“Emerging technologies offer a unique opportunity to improve the governments of the future and citizens’ experience of government,” states a new report, on government AI readiness across 194 countries. The report was produced by Oxford Insights and the International Development Research Centre (IDRC).
The UK came in at second time place, narrowly behind Singapore, but one place ahead of Germany, with the US and Finland in fourth and fifth spot. India was in 17th spot, but China lagged behind in 20th spot. The report suggested that China’s relatively low position in the index in part a result of limited data availability resulting in lower scores for certain clusters such as infrastructure and data.
While the report highlighted the importance of AI readiness, it also pointed towards dangers.
Firstly, it warned that any gap in AI readiness between developed and emerging markets could exacerbate inequality.
Secondly, the report warned of ethical risks, stating: “Any action by governments, however, should be undertaken with great caution. If it is implemented without due care for ethics and safety, AI in public services could be at best ineffective, and at worst, very dangerous.”
Each country was given an AI readiness score based on “11 input metrics, grouped under four high-level clusters: governance; infrastructure and data; skills and education; and government and public services.”
Data was derived partly from desk research into for example AI strategies, as well as various databases including AI startups on Crunchbase, to indices such as the UN eGovernment Development Index.
Minister for Digital and the Creative Industries, Margot James, said: “AI is already having a positive impact across society – from detecting fraud and diagnosing medical conditions to helping us discover new music, and we’re working hard to make the most of its vast opportunities while managing and mitigating the potential risks.
“With our newly appointed AI Council, we will boost the growth and use of AI in the UK, by using the knowledge of experts from a range of sectors and encourage dialogue between industry, academia and the public sector, to realise the full potential of data-driven technologies to the economy.”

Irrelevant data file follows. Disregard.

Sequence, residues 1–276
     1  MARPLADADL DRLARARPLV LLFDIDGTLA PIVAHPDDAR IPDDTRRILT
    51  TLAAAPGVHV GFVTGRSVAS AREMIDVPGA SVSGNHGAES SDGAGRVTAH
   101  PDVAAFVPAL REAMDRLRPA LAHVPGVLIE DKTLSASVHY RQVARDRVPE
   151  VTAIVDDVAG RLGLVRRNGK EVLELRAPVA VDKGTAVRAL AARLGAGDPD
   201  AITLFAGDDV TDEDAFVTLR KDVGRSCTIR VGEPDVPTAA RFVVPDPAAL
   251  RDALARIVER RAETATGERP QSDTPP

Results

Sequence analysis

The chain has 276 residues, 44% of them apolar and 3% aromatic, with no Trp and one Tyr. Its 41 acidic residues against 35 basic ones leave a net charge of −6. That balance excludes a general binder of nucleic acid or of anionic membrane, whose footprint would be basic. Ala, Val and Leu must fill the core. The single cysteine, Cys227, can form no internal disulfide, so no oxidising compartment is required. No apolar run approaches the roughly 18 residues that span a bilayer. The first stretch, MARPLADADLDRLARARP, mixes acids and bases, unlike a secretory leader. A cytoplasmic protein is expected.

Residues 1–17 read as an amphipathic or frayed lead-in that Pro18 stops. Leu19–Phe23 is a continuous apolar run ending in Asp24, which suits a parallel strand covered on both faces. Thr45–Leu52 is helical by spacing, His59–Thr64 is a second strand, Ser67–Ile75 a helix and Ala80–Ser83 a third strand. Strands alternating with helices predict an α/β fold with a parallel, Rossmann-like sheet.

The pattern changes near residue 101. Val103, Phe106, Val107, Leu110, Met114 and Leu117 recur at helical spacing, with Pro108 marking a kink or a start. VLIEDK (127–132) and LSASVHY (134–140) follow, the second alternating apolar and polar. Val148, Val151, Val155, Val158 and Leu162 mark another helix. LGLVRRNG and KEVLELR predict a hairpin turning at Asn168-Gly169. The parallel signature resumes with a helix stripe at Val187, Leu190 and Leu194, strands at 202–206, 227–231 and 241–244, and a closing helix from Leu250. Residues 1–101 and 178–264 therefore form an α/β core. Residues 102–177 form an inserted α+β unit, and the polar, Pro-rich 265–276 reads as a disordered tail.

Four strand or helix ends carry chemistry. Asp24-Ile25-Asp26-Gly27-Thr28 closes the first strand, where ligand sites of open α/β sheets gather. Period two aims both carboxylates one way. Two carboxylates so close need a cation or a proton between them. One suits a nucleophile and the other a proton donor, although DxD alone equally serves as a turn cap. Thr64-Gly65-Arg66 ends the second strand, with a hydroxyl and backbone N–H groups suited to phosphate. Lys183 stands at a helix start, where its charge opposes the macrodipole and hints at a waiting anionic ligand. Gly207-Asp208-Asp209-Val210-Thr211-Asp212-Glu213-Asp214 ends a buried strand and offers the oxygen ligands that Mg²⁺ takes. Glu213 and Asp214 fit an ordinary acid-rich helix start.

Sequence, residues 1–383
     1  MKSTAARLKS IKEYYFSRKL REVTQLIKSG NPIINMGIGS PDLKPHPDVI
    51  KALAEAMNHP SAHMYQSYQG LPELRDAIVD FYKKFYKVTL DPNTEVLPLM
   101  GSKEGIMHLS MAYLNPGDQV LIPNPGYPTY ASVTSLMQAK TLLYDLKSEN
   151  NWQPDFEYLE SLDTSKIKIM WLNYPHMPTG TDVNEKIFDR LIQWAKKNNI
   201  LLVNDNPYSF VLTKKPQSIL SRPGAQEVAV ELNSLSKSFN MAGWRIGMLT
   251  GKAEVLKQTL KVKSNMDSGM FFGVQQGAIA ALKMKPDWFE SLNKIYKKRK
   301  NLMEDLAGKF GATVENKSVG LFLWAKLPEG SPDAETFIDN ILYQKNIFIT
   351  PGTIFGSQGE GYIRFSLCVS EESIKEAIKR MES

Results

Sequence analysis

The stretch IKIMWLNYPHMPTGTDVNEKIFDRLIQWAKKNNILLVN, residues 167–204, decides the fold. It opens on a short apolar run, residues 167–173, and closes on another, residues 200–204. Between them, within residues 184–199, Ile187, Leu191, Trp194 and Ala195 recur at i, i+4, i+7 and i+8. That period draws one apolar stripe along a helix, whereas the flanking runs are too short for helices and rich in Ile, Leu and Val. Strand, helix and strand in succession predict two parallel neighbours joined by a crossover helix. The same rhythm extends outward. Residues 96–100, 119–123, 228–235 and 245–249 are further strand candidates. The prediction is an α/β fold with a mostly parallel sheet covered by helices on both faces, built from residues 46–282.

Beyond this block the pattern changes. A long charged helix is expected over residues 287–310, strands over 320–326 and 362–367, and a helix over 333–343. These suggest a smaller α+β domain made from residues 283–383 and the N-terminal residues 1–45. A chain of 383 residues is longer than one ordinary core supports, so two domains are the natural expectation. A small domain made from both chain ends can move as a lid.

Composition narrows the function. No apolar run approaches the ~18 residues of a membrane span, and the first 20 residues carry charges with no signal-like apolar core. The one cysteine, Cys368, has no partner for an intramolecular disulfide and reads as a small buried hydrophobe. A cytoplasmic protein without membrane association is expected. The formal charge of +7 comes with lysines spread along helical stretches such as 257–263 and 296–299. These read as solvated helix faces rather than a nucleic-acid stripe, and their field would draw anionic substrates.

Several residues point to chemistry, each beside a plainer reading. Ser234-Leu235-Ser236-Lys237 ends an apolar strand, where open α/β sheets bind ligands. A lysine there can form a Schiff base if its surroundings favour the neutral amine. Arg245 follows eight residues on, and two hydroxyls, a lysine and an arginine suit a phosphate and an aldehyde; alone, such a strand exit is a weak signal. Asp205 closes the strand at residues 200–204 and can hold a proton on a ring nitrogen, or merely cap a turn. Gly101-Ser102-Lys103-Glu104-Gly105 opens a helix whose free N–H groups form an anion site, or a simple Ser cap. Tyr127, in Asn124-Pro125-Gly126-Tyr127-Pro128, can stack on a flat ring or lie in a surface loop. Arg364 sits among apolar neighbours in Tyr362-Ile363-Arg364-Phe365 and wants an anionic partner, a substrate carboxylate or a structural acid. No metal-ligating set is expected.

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Tough at the top
“There is global competition in the AI space, and as our research highlights, other countries such as France, Germany and China have also announced significant investments and introduced AI strategies, said Richard Stirling, CEO at Oxford Insights.
He added: “If the UK is to stay ahead in the field we must continue to support AI research, technologies and companies with a clear national strategy and investment programme to support continuous innovation”.
The north south divide
But the AI readiness index also highlighted a big divide between countries. As Fernando Perini, Senior Program Officer at Canada’s International Development Research Centre said: “The index shows thatgovernments in the global north are still better positioned to reap the benefits of AI than their southern counterparts. The differences in AI readiness between governments may increase the risk that certain countries could become testing grounds. “
He concluded “To close the potential to widen global inequalities, there is a need for more equal implementation.”
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Why the report?
The AI readiness index report stated: “The purpose of assessing and scoring governments’ AI readiness is not to create or fuel a global race for AI. Rather, it is to help policymakers everywhere see where they are performing well, and in which areas they may wish to target their attention going forward. The age of AI is coming, and our intended contribution, through the Index, is to encourage all governments – whether in the Global North or South – to be as prepared as possible to help their citizens take advantage of the benefits of automation, while protecting them from its associated risks.”
|United Kingdom of Great Britain and Northern Ireland
|United States of America
|United Arab Emirates